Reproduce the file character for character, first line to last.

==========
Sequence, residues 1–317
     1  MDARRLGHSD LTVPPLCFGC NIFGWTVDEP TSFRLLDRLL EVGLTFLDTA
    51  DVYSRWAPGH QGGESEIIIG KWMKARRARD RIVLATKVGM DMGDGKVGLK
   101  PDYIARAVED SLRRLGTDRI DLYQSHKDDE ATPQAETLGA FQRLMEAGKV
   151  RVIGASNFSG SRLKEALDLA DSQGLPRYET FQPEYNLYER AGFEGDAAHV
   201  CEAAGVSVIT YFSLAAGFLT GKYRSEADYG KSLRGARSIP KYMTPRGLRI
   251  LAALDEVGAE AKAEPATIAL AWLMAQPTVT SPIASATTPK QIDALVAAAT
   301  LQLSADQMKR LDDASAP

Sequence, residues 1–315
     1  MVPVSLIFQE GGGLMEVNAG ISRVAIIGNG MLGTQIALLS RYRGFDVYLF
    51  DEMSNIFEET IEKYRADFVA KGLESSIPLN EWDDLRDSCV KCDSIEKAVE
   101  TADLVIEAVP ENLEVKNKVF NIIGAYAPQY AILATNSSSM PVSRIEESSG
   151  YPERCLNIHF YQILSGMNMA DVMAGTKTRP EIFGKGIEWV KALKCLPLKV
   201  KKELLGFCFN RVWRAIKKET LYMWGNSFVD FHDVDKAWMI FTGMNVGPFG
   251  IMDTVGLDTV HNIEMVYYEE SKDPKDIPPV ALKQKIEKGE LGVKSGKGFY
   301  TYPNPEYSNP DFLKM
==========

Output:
Sequence, residues 1–317
     1  MDARRLGHSD LTVPPLCFGC NIFGWTVDEP TSFRLLDRLL EVGLTFLDTA
    51  DVYSRWAPGH QGGESEIIIG KWMKARRARD RIVLATKVGM DMGDGKVGLK
   101  PDYIARAVED SLRRLGTDRI DLYQSHKDDE ATPQAETLGA FQRLMEAGKV
   151  RVIGASNFSG SRLKEALDLA DSQGLPRYET FQPEYNLYER AGFEGDAAHV
   201  CEAAGVSVIT YFSLAAGFLT GKYRSEADYG KSLRGARSIP KYMTPRGLRI
   251  LAALDEVGAE AKAEPATIAL AWLMAQPTVT SPIASATTPK QIDALVAAAT
   301  LQLSADQMKR LDDASAP

Sequence, residues 1–315
     1  MVPVSLIFQE GGGLMEVNAG ISRVAIIGNG MLGTQIALLS RYRGFDVYLF
    51  DEMSNIFEET IEKYRADFVA KGLESSIPLN EWDDLRDSCV KCDSIEKAVE
   101  TADLVIEAVP ENLEVKNKVF NIIGAYAPQY AILATNSSSM PVSRIEESSG
   151  YPERCLNIHF YQILSGMNMA DVMAGTKTRP EIFGKGIEWV KALKCLPLKV
   201  KKELLGFCFN RVWRAIKKET LYMWGNSFVD FHDVDKAWMI FTGMNVGPFG
   251  IMDTVGLDTV HNIEMVYYEE SKDPKDIPPV ALKQKIEKGE LGVKSGKGFY
   301  TYPNPEYSNP DFLKM